As the discovery had been made by someone who would have been seen by the Italian Cultural Ministry as an amateur explorer, however well intentioned and informed, it was kept under wraps for a time so that Colafemmina could be sure to reveal it to colleagues in a formal academic setting. He was also genuinely concerned that the paintings would be vandalized just as so much else had been in the cemetery had word got out about the find. Colafemmina did not risk losing hold of such an important secret, however, and revealed the story and photograph at a conference in Bari in 1975 (published 1978).

The announcement was well timed to contribute to the growing attention on the part of Italian Jewish authorities to Jewish cultural patrimony in Italy. The unexpected discovery of a synagogue of the Roman era at Ostia Antica in 1961 had attracted new interest on the part of Jewish scholars to the catacombs of Venosa: now, close to two decades later, with parliamentary debates in course over the fate of the Italy-Vatican Concordat of 1929, it was opportune to assert the historic Jewish presence in Italy predating even that of Christianity.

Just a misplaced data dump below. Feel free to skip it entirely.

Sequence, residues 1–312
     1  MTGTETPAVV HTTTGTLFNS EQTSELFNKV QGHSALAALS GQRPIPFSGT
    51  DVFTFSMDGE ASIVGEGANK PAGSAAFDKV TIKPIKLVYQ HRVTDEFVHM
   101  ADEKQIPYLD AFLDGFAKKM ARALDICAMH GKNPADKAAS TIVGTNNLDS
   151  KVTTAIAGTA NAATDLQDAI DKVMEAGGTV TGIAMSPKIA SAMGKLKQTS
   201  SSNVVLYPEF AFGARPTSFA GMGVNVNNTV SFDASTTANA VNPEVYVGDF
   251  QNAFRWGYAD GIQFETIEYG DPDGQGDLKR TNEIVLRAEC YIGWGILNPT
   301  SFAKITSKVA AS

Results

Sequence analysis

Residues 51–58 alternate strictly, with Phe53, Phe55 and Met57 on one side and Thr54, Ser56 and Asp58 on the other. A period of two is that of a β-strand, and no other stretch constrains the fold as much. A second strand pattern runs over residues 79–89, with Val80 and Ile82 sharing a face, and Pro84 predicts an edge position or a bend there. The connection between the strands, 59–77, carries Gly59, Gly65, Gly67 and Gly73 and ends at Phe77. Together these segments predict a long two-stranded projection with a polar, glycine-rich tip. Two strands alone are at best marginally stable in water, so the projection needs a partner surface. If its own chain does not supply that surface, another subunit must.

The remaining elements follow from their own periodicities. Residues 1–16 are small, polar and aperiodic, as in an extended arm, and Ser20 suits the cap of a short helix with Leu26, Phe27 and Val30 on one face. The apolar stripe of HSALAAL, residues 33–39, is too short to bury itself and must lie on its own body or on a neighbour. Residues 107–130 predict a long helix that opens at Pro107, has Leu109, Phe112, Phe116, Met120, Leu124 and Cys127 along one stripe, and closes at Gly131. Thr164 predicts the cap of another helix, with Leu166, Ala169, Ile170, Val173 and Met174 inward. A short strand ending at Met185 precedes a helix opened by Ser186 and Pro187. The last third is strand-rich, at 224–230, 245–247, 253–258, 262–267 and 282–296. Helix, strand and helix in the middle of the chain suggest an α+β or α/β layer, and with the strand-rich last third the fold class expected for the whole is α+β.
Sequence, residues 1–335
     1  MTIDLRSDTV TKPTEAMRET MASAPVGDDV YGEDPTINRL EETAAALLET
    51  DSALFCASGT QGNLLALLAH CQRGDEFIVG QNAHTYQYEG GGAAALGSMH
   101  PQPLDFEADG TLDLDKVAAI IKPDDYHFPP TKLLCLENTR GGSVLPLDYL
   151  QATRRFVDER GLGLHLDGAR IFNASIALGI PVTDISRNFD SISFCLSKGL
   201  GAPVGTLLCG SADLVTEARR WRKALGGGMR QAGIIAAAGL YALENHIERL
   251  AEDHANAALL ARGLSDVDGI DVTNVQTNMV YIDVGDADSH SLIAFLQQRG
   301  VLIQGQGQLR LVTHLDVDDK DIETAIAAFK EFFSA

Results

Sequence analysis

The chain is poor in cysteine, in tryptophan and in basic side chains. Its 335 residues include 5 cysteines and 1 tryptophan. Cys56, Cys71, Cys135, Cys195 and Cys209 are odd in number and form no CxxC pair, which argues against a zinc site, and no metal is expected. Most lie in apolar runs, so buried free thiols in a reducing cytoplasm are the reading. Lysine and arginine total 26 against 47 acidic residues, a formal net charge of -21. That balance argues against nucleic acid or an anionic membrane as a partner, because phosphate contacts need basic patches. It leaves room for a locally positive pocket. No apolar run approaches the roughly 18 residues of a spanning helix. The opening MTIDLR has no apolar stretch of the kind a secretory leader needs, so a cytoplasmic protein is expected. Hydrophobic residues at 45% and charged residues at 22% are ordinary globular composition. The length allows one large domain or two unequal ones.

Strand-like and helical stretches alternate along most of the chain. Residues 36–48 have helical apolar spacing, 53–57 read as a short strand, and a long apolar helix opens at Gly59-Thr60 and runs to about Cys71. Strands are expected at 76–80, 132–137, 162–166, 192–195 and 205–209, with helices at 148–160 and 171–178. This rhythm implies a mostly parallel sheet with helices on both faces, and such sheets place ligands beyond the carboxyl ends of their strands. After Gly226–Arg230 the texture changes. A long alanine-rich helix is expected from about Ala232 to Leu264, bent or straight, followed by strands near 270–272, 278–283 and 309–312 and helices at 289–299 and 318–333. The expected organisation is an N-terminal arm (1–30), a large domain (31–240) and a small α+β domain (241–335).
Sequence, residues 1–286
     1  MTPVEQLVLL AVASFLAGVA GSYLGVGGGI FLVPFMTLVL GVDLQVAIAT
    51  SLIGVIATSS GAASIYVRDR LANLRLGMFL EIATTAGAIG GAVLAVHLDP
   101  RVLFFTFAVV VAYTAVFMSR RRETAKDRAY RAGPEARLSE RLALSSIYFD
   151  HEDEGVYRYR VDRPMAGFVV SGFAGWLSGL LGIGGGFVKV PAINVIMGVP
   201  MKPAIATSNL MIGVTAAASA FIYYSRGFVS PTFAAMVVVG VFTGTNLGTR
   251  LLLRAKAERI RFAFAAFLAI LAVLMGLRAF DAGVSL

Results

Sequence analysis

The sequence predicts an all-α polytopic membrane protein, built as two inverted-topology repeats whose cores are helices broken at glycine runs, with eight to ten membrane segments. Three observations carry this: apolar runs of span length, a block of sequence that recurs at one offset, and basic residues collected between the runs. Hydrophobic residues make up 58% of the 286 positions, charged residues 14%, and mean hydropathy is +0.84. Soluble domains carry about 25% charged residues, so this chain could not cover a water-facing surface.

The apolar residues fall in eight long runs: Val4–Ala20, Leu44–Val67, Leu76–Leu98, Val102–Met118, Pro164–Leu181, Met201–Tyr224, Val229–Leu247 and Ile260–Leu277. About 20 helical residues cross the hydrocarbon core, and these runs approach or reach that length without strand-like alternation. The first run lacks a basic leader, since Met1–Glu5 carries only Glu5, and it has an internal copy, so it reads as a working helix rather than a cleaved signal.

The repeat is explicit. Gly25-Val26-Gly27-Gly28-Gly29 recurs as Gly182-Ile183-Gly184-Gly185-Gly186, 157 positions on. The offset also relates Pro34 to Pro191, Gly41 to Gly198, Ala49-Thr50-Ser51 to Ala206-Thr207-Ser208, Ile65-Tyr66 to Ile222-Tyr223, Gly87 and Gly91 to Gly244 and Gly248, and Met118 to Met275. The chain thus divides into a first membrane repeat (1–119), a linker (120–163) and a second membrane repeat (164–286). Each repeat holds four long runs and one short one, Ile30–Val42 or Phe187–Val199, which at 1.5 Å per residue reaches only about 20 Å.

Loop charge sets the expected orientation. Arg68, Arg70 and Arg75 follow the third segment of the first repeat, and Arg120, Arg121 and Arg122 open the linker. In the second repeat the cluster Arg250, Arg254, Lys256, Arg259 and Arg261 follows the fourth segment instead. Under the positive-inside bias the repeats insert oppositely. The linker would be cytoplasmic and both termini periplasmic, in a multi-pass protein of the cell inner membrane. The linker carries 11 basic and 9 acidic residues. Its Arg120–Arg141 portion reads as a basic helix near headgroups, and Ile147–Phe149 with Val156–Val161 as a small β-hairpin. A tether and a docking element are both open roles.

To arouse government action, it was necessary to create a sense of urgency, not only to secure a legal claim, but also to gain key logistical support from the international Jewish community which had been assisting Italian Jews with rebuilding their institutions after the Second World War. To this end, the Venosa catacombs were presented to the World Jewish Congress in New York in 1977 as a site requiring urgent intervention due to the risk of landslides which according to Colafemmina had put the painted tomb once more out of reach. The focus on Venosa instead of Rome might sound surprising, but made sense at that particular time because the catacombs of Venosa did not involve the question of Vatican oversight, still in place for the surviving ancient Jewish burial grounds in Rome, and there was a good possibility of financing the expropriation of the land parcel on the outskirts of Venosa below which they were found.